Thinking about negative and stressful things before bedtime really does keep you up at night. There are probably few people out there that haven’t experienced this in some way. You have a stressful day, a lot to do tomorrow, or even random reflections about past events that you just can’t kick before bed.
You may even lose hours of rest regularly to negative thoughts that persist. It’s well-established in psychology that ruminating on the past or unpleasant thoughts is a risk factor for insomnia and even mood disorders like depression.
Some recent research has been focusing on how people can take control and purposefully redirect their repetitive or intrusive negative thoughts. From your bedtime to how you cope with stress, here are 4 helpful ways to get rid of negative thoughts before sleeping.
Head to bed earlier
In one recent study conducted by Binghamton University, researchers looked at participants’ propensities to worry, ruminate, or stress (all gauges of repetitive negative thinking) and at their sleep habits. They found that people who preferred to go to sleep late (evening types) had higher levels of negative thoughts compared to early sleepers (morning types). The same was true for people who slept for shorter periods of time overall.
If you aren’t getting at least seven hours of sleep each night or you tend to keep late hours, this means it could prove helpful to shift your sleep schedule earlier. Try gradually moving your bedtime up in 15 to 30 minute increments to create a schedule that allows you to get enough sleep. Keeping fairly consistent bedtimes throughout the week and practicing some of the other relaxation techniques below can make the transition a little easier.
Talk positively to yourself
One method of countering negative thoughts is to practice positive self-talk, popular with cognitive behavioral therapists. Essentially, negative self-talk involves habits like focusing on the cons of a situation and not the pros, personalizing blame, anticipating the worst, and polarizing between good and bad with no in-between.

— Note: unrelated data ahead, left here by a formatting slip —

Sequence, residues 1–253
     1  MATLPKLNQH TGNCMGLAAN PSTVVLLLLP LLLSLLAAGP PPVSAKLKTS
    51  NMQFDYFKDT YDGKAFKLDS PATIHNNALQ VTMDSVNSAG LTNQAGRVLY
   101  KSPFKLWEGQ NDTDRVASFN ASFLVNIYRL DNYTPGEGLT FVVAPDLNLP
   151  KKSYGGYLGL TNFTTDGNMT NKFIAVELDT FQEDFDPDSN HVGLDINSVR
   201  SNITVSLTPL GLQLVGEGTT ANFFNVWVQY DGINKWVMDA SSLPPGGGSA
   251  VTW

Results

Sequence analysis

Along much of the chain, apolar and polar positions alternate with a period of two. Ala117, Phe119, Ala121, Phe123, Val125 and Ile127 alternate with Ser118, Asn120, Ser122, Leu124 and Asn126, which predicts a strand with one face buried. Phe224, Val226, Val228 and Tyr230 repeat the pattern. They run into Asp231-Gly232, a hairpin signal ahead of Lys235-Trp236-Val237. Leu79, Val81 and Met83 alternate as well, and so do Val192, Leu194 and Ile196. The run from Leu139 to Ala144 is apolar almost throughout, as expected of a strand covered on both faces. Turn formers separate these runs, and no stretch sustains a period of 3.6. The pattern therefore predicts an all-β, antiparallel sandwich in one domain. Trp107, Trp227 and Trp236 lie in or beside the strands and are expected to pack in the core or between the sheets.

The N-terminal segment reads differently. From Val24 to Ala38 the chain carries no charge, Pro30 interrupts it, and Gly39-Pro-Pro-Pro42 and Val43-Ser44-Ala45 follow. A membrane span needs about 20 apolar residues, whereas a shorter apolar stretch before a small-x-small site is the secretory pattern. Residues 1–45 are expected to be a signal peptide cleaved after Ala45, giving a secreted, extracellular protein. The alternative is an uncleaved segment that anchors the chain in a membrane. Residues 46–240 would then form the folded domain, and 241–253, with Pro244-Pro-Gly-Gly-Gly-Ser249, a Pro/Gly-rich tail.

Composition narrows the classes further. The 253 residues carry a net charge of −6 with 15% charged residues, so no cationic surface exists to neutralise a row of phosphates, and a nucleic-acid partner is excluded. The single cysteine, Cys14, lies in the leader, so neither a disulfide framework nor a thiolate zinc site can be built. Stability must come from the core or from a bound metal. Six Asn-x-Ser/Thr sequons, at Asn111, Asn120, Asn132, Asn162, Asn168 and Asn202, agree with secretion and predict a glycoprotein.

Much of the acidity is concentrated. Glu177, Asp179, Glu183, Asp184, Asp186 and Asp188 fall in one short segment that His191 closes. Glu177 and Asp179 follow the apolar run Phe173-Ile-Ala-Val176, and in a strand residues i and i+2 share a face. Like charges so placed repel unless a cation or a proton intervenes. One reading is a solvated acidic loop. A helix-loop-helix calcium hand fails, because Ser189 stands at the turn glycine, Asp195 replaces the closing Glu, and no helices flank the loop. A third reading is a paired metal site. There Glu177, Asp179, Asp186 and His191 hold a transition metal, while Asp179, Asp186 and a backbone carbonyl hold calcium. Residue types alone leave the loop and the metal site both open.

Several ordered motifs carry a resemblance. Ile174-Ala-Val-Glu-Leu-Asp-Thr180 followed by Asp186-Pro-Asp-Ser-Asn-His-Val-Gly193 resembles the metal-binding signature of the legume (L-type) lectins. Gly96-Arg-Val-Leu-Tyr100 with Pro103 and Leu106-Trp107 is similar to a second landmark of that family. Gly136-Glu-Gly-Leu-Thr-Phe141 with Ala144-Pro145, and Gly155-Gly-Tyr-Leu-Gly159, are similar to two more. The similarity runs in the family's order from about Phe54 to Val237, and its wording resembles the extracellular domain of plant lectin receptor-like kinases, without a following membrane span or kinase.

The idea is that when you catch yourself dwelling on negative thoughts, you consciously work to assess its validity and move on. Instead of obsessing over things that went wrong, look for solutions to the problem or do something to refocus your attention. (Positive affirmation, a prayer, or exercise, maybe.) Thinking about things you are grateful for can also be mood-booster, and one study found higher levels of gratitude correlated with better sleep.
Use guided relaxation or visualization
Guided relaxation can be helpful for clearing your mind and taking the focus off of negative thoughts. Essentially, a therapist or a recording guides you through a step-by-step process as you follow along.
There are a few different types of guided relaxation program, and different types may feel more helpful to you than others. Traditional guided relaxation will work through relaxing your body and focusing on breathing. Guided visualization/imagery has you visualize a scene to occupy your attention. Progressive muscle relaxation takes a more physical approach of gradually tensing and relaxing different muscle groups.
Breathe with purpose
Breathing techniques are a well-established way to promote relaxation and minimize stress. Similar to guided relaxation, the idea is to follow a set pattern that places the focus on your physical body and off of the thoughts that are bothering you. Breathing also affects heart rate, which can help you feel calmer.
These techniques can be helpful for relaxing in bed, but can also be used anywhere whenever you feel stressed:
- Diaphragmatic breathing (breathing deeply through your stomach and exhaling slowly)
- Equal breathing (inhaling and exhaling for the same amount of time; counts of 4-6 seconds)
- Resistance breathing (breathing in and out via pursed lips or your nose)
- Breath moving (as you inhale, imagine you are moving the breath to the top of your head; as you exhale, move the breath to base of your spine)